Posted on Monday, February 7, 2011
WHAT’S the outlook for home prices over the next decade? It’s not easy to tell. We need to confront the basic fact that near the beginning of the 21st century, the market for homes in much of the world suddenly became more speculative than ever.
This enormous housing bubble and burst isn’t comparable to any national or international housing cycle in history. Previous bubbles have been smaller and more regional.
We have to look further afield for parallels. The most useful may be the long trail of booms and crashes in the price of land, particularly of farms, forests and village lots. Those upheavals may give some insights into the present situation, and some guidance for the next decade.
In the 19th century and most of the 20th, speculation in land was a powerful phenomenon. There was little speculative activity around homes, however, which were usually viewed as rapidly depreciating assets whose value was to be found almost entirely in physical buildings, not the land beneath them. Eventually, the buildings were expected to be torn down and replaced, so there was little bubble psychology for housing on any large scale. People generally didn’t think about housing as an investment.
But they knew that land was fixed in quantity and would last forever, and many believed that as the economy grew and more people were born, there would be ever-increasing demand. The speculative imagination could be easily fired by reflecting on the huge population that would consume the food from this land or settle on it in future years.
There have been many highly localized land price bubbles in the United States over the last couple of centuries, although bubbles over large areas have been rather rare. Those with the biggest national impact were in the 19th century, when speculators found opportunities that had been created by government land sales and by shifts in land prices set off by construction of canals and railroads. Stories of fortunes in land speculation captured the imagination, and led to bubbles. (That is typically how bubbles form, by titillating the public imagination.)
Two such land bubbles stand out. The first, in the 1830s, was associated with federal distributions to state banks and the loss of fiscal restraint that had been imposed by the short-lived Second Bank of the United States. People began to think farm prices could never fall. As an article in a publication called The Cultivator said in 1836: “Who ever heard of a man buying and selling a farm at the same or a lessened price? It is so well understood that the seller is to have more than he gave, that it has almost become a settled principle in the purchase of real estate.”
The bubble burst with the Panic of 1837, and was followed by the first great depression in United States history, from 1837 to 1843.
A second bubble, in the 1850s, was encouraged by an 1852 act of Congress making land warrants tradable. It burst with the Panic of 1857. Some historians — notably James L. Huston of Oklahoma State University — say they think that the resulting tensions escalated sectional animosities and helped precipitate the Civil War, which ended the depression.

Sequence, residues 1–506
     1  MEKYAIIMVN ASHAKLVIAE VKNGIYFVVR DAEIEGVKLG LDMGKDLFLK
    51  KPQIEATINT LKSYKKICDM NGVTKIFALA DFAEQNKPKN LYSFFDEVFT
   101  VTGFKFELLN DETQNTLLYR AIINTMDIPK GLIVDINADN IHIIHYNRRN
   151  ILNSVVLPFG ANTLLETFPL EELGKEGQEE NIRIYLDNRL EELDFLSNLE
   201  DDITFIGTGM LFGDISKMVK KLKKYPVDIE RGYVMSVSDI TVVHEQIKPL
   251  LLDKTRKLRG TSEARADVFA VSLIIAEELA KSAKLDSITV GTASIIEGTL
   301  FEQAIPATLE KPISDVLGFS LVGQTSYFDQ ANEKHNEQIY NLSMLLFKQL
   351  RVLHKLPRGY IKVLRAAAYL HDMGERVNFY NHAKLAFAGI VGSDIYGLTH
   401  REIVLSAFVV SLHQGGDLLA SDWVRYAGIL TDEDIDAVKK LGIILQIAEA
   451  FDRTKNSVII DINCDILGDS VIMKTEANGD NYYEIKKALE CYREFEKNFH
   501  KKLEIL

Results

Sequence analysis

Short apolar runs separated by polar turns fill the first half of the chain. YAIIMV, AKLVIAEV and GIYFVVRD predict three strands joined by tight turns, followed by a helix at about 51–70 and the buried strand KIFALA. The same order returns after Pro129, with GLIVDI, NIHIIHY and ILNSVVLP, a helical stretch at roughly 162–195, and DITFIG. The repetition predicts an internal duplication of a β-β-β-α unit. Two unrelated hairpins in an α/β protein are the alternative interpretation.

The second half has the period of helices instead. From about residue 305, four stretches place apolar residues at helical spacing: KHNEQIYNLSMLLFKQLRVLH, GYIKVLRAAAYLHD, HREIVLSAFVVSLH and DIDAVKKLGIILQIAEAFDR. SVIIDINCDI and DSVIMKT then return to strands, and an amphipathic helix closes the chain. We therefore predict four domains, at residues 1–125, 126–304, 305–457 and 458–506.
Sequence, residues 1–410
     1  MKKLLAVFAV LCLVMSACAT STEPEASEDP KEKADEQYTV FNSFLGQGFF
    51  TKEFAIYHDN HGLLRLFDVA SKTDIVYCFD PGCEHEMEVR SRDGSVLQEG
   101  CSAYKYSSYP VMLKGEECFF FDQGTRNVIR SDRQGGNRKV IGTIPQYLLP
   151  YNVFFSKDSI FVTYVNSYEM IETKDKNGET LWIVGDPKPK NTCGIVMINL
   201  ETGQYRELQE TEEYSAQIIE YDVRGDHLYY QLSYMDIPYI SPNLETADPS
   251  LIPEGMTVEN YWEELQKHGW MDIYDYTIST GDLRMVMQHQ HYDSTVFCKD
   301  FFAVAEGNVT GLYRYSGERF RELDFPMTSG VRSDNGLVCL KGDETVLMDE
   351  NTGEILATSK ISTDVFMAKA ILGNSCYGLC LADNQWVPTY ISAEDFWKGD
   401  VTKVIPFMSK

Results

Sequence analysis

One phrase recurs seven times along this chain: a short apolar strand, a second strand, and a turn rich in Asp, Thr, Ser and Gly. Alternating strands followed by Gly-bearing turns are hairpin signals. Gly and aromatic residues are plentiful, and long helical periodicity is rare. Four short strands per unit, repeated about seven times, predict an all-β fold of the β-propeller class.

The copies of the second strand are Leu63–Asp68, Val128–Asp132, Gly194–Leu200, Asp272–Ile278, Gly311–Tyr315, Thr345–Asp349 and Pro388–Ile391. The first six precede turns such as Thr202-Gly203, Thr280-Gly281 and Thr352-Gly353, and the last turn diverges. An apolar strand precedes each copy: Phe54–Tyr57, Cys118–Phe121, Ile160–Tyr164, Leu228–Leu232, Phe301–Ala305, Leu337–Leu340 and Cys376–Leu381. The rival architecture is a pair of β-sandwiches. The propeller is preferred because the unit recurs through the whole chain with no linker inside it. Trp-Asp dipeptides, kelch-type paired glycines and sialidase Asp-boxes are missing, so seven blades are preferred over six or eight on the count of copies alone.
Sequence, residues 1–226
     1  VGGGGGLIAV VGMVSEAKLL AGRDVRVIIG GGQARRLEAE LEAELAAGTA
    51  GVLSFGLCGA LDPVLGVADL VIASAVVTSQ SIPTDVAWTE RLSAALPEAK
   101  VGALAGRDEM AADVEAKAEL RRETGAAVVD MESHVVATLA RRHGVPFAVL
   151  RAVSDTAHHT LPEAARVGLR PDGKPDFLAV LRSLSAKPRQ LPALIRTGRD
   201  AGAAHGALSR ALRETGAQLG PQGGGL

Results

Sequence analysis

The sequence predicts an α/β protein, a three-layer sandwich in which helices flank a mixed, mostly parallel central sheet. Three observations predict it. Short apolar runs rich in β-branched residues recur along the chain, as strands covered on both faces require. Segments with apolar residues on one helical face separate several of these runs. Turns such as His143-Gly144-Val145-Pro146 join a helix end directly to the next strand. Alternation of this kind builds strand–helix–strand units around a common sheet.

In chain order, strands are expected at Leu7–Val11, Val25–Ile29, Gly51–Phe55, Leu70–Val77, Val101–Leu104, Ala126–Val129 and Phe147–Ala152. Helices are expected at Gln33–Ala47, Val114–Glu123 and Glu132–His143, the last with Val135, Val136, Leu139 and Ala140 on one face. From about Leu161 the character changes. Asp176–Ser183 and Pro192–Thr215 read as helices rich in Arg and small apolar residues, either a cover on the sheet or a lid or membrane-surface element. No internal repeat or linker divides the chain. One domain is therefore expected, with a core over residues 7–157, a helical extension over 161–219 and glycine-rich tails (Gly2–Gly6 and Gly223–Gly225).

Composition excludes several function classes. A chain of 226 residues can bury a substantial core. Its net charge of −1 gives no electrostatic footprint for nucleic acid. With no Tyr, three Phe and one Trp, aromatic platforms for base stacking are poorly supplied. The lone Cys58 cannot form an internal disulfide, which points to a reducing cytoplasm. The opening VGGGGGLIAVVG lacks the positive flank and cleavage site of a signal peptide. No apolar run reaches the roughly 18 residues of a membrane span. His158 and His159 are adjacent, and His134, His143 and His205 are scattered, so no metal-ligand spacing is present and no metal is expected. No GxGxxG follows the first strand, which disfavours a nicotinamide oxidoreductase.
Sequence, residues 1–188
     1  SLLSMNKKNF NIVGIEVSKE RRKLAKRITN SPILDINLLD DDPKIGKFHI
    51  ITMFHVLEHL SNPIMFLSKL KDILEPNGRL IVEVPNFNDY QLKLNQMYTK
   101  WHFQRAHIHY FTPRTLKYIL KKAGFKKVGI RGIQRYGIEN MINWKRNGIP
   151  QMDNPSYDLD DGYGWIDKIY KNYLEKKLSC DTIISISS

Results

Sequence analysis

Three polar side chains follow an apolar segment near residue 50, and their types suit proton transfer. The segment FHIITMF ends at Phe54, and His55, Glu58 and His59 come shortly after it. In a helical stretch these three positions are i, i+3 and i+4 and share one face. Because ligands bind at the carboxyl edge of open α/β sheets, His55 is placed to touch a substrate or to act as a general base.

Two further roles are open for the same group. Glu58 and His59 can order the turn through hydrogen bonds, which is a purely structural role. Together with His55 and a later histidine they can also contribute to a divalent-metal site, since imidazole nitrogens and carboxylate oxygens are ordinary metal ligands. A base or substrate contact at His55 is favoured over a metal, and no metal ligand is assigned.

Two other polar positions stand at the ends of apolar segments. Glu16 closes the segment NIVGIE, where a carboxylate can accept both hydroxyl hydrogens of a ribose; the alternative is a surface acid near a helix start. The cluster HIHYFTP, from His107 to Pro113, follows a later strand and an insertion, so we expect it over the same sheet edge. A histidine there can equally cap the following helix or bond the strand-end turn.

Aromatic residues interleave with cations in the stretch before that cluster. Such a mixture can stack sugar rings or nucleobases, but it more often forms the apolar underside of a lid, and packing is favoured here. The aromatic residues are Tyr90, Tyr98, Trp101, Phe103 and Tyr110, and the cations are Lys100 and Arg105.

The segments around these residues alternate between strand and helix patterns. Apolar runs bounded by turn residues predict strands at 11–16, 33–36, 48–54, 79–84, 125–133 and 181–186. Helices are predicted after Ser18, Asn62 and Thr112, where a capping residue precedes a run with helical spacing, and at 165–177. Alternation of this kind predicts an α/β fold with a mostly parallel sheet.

The entire 20th century appears to have had only one farmland bubble of national significance — it occurred in the 1970s. Its causes were complex, but it seems to have been accompanied by a newly common belief that the human population would soon become excessive. A widely cited Club of Rome report in 1972 predicted famines induced by overpopulation. In any case, that bubble burst after the Federal Reserve clamped down on credit in the United States, effectively producing the recessions of the early 1980s.
So land manias have been rather infrequent, many decades apart. They suggest that the recent housing bubble is a similarly rare event, not to be repeated for many decades.
But, of course, the relevance of this long history isn’t entirely clear. In contrast to the 19th century, when the business cycle proceeded without much constraint, we now have the Fed and an active government housing stabilization policy, both of which mitigate the cycle’s more extreme effects. And now, the Dodd-Frank law has created a Financial Stability Oversight Council, which is supposed to go even further to prevent instability.
Ultimately, bubbles are impossible without extreme public enthusiasm. Opinions about housing seem to change in rather trendy ways, but investor enthusiasm for housing has now been down for more than five years — a decline that started well before the collapse of the housing bubble in 2007.
With Karl Case of Wellesley College, who developed the S&P/Case-Shiller Home Price Indices with me, I have been surveying opinions of home buyers in the United States on and off since 1988. We have found a fairly steady downtrend since the early-to-mid-2000s in a number of speculative attitudes. On questionnaires, people are less likely to report that they think of housing as an investment, or to express the view that real estate is the “best investment.”
As an investment, in fact, they are more likely to see housing as risky. Although they still have solid expectations of home price increases over the next 10 years — a median of 5 percent annually, in nominal terms — those expectations have been declining and are not nearly as extravagant as they were before the market peak.
IT will take a while for the housing market to recover fully. Still, many people continue to think of housing as an investment, and so it does seem that we are in danger of encountering another whopper bubble someday. Even so, both the history of land bubbles and the slowness of shifts in public opinion suggest that such bubbles will be fairly rare.
Add the new policy restraints, and a new national housing bubble looks even less likely anytime soon.
By ROBERT J. SHILLER, THE NEW YORK TIMES